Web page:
The way you invest your money can make a difference. Responsible Investment describes investments made based on the premise that environmental, social and governance (ESG) issues can affect financial performance. It encompasses ‘engagement’ for the purpose of assessing and improving future financial performance (which may well include support for shareholder resolutions) and ‘integration’ - the explicit inclusion of ESG risk into financial analysis.
The Australasian Centre for Corporate Responsibility (ACCR) has put together a set of resources to help you understand more about investing responsibly, the power of advocacy and engagement, and the context for our shareholder resolutions.
Responsible Investment in Australia
In Australia as consumer demand for investments that systematically consider ESG and/or ethical factors grows, the total assets under management that adopt a responsible investment approach continues to grow.
In its 2021 benchmark report, the Responsible Investment Association Australasia (RIAA) revealed the market for responsible investments in Australia had continued to soar in popularity to $1.2 trillion in 2020, with responsible investment assets growing at 15 times the rate that overall Australian professionally managed investments have grown.
The proportion of responsible investment assets under management to total managed funds grew from 31% to 40% in 2020, despite there only being a 2% increase in all professionally managed funds in Australia over the same period.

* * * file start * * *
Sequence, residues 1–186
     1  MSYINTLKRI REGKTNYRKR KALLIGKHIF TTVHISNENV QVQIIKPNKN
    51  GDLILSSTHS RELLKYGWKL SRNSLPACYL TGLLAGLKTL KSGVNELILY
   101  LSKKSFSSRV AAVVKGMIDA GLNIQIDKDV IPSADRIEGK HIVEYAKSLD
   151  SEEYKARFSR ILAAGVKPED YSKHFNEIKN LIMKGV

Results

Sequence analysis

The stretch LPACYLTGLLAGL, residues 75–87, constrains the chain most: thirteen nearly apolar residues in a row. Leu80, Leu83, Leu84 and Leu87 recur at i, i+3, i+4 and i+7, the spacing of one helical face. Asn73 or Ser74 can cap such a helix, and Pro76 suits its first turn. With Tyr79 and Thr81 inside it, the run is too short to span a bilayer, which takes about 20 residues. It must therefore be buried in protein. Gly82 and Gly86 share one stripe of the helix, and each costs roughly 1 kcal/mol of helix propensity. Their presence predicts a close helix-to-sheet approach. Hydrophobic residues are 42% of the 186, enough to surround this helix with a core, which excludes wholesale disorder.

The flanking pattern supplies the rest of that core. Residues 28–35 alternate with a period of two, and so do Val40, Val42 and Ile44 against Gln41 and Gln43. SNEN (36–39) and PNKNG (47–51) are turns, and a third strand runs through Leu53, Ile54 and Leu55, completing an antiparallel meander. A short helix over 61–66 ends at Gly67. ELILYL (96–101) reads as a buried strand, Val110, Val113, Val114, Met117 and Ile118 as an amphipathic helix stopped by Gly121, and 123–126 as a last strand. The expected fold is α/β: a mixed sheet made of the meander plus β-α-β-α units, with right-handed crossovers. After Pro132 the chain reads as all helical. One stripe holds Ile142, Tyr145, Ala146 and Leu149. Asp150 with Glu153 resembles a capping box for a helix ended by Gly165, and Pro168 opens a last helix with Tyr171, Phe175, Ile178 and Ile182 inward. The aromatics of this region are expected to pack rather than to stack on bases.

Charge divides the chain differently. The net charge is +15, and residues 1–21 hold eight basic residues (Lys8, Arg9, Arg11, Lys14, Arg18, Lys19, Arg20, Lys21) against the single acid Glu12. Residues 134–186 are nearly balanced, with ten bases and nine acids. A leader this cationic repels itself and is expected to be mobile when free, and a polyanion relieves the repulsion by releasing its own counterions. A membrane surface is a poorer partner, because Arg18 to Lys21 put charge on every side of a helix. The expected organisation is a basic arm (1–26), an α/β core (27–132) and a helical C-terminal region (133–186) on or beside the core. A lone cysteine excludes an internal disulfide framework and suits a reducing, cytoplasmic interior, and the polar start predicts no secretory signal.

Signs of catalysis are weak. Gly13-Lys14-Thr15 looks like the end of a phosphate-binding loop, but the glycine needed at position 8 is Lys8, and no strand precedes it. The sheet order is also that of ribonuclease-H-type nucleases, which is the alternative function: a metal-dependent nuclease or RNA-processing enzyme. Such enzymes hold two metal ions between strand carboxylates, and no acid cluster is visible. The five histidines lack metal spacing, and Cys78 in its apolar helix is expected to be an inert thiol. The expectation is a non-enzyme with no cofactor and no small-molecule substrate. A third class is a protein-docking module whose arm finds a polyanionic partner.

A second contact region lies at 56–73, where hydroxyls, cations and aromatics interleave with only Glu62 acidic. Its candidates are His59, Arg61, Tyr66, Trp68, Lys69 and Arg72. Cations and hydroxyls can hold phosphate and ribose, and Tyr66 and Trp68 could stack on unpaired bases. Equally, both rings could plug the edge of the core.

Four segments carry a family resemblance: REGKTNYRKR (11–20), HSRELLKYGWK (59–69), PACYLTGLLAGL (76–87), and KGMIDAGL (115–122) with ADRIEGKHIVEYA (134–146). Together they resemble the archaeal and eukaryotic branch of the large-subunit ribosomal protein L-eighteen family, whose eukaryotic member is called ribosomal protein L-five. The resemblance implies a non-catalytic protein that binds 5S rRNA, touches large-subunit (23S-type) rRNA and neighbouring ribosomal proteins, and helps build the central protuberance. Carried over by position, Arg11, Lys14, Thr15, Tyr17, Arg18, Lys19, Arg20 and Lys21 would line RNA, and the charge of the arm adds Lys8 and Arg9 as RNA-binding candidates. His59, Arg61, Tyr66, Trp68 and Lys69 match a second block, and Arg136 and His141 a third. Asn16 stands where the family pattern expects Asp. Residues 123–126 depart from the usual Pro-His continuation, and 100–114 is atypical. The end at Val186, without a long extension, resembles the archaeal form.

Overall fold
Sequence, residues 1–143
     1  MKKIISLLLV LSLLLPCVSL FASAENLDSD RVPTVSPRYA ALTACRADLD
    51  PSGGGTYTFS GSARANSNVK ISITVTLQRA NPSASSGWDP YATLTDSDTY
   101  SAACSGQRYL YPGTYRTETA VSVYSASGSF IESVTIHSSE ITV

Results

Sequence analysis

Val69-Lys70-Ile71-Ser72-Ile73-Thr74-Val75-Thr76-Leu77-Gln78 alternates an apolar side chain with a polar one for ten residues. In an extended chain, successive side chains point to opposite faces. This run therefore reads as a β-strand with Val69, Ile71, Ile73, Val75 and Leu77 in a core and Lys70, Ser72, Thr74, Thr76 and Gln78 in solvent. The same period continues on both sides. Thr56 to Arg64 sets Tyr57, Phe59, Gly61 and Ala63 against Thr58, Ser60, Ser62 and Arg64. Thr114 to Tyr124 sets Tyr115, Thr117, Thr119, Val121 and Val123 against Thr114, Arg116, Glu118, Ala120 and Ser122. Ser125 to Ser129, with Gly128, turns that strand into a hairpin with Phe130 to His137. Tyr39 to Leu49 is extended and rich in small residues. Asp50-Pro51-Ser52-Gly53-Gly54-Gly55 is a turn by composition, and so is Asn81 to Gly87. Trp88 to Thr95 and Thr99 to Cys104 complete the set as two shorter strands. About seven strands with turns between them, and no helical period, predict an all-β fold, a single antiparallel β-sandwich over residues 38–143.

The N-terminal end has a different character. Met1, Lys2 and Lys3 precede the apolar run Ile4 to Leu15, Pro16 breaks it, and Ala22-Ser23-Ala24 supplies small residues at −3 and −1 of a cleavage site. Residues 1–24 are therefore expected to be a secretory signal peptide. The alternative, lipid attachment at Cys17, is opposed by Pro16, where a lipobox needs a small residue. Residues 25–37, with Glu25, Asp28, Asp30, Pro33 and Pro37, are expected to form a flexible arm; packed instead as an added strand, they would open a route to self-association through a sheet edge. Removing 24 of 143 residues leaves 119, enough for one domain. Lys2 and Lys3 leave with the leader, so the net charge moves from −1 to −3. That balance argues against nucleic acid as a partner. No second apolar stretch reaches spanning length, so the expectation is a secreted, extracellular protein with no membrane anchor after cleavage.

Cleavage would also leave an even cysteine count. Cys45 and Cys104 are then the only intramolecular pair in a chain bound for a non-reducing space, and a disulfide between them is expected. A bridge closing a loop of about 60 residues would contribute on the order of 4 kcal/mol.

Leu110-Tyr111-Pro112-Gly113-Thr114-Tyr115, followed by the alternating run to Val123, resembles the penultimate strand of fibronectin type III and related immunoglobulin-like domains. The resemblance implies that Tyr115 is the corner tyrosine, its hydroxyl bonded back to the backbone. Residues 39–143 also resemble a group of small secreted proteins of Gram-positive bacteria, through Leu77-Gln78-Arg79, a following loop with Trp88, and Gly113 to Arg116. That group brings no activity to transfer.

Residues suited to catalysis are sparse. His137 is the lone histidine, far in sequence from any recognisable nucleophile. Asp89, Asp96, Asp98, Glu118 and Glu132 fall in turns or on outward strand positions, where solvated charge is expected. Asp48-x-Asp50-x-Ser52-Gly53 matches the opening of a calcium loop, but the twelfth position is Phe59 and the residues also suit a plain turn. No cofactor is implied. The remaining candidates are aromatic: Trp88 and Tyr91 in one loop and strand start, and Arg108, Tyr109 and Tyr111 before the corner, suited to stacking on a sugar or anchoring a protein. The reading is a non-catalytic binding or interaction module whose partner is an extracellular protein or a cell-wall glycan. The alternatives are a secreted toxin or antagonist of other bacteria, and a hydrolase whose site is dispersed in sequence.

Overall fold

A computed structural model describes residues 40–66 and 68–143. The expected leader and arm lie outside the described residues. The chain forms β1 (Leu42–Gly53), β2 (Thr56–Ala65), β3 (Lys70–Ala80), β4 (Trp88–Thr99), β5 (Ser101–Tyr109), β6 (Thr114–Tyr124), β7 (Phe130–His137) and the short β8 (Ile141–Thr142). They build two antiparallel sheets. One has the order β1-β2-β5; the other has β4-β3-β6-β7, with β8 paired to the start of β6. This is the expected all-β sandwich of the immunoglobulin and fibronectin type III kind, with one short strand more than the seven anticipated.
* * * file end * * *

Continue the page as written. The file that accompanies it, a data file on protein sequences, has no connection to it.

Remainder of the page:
To invest ethically means that in addition to considering the risk and return of your investments, you also consider how those investments align with your values. To put it simply, investing ethically means putting your money where your mouth is.
There are two basic methods of ethical investment, choosing what you invest in or becoming a shareholder advocate who changes what their company does. Of course you can do both and many investors do.
These are two simple ways that you can invest ethically:
There are many companies that investors and other stakeholders may think can do better. This is where shareholder engagement or advocacy comes into play. Active investors or shareholder advocates may write letters to their companies, meet and discuss issues with company management or industry associations and win support for actions proposed from other shareholders and other stakeholders. After doing this, the next step may be to file shareholder resolutions. Filing shareholder resolutions forces a company to look at the issues and proposals that have been put forward, and allows other concerned shareholders or stakeholders to be engaged with these issues.
You can choose to invest in good things (positive screening) or avoid investing in bad things (negative screening). If you are already invested in something and then sell the investment, this is called divestment. Divestment (or not investing in the first place) is appropriate where you cannot influence a company to do better. There is a large ongoing campaign to divest from the fossil fuel industry.